Once the promise of clean, near limitless energy, nuclear is now in its waning years.
LOS ALAMOS, N.M. – On construction sites in Georgia, South Carolina and Tennessee, workers are building what may become the final five major nuclear power plants built in the United States.
Nuclear energy, once a symbol of American ingenuity, the fulfillment of the futuristic promise of near-limitless electricity and near-zero emissions, may soon face an economic meltdown.
Cheap natural gas, together with plummeting prices for wind and solar, has upended the energy sector – not only making nuclear plants’ huge upfront costs, endless regulatory approvals and yearslong construction especially prohibitive, but undercutting the very idea of a centralized power system. Industry and regulators, meanwhile, still have not devised a long-term solution for dispensing of nuclear waste. And despite the best marketing efforts by industry, ever-present safety concerns have little abated since the most recent nuclear incident: the meltdown at Fukushima Daiichi in Japan following a tsunami in 2011.
“The nuclear dream looks pretty tarnished these days: that you would have an inexpensive, reliable and manageable source of energy,” says James Doyle, a former political scientist at Los Alamos National Laboratory. “What has been shown repeatedly over the decades is that it’s not inexpensive and the question of how to handle nuclear waste has remained problematic, and it appears it will remain so for decades to come.”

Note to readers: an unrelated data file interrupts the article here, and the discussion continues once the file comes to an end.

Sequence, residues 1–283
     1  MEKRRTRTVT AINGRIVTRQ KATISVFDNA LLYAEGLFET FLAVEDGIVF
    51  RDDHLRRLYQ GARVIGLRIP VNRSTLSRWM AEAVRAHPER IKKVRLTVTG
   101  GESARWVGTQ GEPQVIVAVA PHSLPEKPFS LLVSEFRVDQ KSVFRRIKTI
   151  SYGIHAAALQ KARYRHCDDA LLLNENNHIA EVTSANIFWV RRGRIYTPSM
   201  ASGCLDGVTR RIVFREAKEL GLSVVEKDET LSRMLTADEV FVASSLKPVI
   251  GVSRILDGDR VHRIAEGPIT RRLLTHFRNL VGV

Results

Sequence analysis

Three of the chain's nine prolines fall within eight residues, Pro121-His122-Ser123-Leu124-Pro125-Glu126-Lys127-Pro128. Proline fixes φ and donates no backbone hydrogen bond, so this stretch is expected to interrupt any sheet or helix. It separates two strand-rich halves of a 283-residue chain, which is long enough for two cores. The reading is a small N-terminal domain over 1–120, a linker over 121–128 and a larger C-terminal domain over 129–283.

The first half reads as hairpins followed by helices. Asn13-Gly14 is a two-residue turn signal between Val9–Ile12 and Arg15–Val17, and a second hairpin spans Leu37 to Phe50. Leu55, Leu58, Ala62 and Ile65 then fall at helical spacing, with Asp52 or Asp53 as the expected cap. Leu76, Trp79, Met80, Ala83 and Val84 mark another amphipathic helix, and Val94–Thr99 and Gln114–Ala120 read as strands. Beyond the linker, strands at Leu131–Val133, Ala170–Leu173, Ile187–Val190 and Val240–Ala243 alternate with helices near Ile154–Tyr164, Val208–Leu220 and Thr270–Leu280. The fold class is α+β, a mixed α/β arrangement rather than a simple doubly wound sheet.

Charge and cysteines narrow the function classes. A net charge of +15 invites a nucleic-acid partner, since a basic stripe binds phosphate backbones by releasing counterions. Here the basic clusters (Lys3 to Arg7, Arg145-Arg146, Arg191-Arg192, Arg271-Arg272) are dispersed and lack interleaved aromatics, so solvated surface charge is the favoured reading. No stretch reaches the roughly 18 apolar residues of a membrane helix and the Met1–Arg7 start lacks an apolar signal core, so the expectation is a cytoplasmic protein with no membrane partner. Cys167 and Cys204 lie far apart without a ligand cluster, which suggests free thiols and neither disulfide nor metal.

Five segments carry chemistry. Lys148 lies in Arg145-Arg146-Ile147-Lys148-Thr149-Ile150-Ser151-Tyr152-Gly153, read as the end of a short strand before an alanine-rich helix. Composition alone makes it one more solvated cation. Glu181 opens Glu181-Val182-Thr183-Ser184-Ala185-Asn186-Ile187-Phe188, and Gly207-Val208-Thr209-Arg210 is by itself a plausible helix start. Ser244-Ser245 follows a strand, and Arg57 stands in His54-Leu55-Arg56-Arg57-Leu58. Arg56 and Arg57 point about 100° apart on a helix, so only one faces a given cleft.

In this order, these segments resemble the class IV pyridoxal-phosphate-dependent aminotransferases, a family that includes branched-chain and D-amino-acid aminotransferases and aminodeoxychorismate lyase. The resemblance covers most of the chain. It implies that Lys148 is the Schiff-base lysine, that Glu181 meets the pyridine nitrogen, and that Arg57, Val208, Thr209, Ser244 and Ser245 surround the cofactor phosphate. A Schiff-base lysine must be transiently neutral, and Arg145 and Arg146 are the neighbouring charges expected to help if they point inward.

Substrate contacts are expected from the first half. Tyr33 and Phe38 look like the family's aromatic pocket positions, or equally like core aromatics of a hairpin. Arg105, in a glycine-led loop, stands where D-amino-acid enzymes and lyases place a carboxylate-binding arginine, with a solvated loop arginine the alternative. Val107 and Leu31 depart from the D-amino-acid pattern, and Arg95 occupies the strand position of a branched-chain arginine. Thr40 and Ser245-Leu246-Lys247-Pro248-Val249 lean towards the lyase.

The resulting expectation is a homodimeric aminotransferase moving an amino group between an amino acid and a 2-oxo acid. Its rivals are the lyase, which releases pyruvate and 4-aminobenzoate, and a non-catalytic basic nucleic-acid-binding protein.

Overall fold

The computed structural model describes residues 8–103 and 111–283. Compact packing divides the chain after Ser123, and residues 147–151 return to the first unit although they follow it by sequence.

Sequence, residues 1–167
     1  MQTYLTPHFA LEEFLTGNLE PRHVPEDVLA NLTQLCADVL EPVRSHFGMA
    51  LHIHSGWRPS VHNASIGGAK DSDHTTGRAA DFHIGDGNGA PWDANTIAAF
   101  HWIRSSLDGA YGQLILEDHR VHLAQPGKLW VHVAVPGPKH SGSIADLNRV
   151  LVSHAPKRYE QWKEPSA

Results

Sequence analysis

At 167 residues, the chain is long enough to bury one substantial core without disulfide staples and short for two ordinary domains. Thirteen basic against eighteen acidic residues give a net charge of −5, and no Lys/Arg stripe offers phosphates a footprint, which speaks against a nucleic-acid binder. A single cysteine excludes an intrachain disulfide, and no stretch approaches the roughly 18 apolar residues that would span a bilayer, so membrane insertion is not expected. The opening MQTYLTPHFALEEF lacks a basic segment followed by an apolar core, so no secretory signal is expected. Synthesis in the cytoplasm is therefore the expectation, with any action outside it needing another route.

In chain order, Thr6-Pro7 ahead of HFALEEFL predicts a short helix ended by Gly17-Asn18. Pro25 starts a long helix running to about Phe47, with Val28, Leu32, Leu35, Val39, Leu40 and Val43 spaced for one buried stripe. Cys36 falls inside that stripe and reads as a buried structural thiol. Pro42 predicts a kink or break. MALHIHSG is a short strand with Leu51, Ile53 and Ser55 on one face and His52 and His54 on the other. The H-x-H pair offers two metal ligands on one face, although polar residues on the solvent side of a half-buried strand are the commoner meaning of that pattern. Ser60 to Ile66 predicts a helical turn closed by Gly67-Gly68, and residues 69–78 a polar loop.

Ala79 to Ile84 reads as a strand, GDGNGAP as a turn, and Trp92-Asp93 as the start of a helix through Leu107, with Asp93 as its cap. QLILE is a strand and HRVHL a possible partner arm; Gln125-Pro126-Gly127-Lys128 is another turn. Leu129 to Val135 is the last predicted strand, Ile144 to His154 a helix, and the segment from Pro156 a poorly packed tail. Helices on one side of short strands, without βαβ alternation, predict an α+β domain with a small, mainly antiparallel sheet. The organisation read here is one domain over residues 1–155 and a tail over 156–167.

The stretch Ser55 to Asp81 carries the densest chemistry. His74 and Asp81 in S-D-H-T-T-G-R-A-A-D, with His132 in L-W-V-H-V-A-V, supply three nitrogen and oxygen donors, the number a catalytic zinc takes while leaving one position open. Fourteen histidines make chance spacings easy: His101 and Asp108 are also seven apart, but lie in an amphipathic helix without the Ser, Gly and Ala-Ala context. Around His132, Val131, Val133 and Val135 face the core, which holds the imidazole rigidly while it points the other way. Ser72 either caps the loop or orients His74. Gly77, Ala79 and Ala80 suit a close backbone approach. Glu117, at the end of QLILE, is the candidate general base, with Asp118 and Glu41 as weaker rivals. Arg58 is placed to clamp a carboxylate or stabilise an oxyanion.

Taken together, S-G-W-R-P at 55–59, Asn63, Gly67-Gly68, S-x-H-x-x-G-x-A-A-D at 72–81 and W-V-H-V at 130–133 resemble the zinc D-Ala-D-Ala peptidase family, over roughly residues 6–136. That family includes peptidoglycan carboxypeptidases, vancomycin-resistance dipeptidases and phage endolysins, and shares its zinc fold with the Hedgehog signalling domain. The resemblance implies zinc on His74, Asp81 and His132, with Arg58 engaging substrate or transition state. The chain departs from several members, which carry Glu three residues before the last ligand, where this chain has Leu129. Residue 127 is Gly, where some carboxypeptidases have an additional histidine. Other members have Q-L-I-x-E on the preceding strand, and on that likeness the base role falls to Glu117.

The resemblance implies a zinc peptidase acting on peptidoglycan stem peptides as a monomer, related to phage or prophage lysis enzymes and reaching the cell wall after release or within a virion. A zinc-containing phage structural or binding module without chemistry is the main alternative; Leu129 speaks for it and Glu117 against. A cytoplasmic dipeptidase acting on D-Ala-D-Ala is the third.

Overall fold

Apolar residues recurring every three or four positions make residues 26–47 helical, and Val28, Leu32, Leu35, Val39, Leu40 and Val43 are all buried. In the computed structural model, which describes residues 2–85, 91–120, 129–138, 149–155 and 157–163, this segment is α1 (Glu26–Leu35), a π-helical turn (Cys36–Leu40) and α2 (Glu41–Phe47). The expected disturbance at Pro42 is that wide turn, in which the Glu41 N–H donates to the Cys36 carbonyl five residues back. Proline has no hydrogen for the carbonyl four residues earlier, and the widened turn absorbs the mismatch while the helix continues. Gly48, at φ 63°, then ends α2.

But if the future for nuclear looks grim in the U.S., it’s far sunnier overseas, particularly in China and India, where the energy demand is huge and both nations are seeking to rein in their pollution. China, for example, has already built more than 20 nuclear plants and hopes to build another two dozen by 2020. And four years after Fukushima, Japan is once again warming to the idea of nuclear. Even Iran, following its nuclear deal with the U.S. and other world powers, announced in July the construction of new nuclear plants.
“On the one hand, it’s great for China, great for the world – the air pollution there is terrible,” Ferguson says. “On the other hand, I’m concerned about safety, and there’s also the issue of waste and meeting the very stringent construction demand.”
Indeed, in the wake of the massive chemical explosion in the Port of Tianjian on Aug. 12, not to mention a long history of construction issues at major projects throughout China, some observers and groups like CASE have called for the U.S. to back American companies such as Westinghouse as they compete for overseas nuclear contracts against what many describe as less scrupulous or at least less diligent rivals from China, Russia and South Korea.
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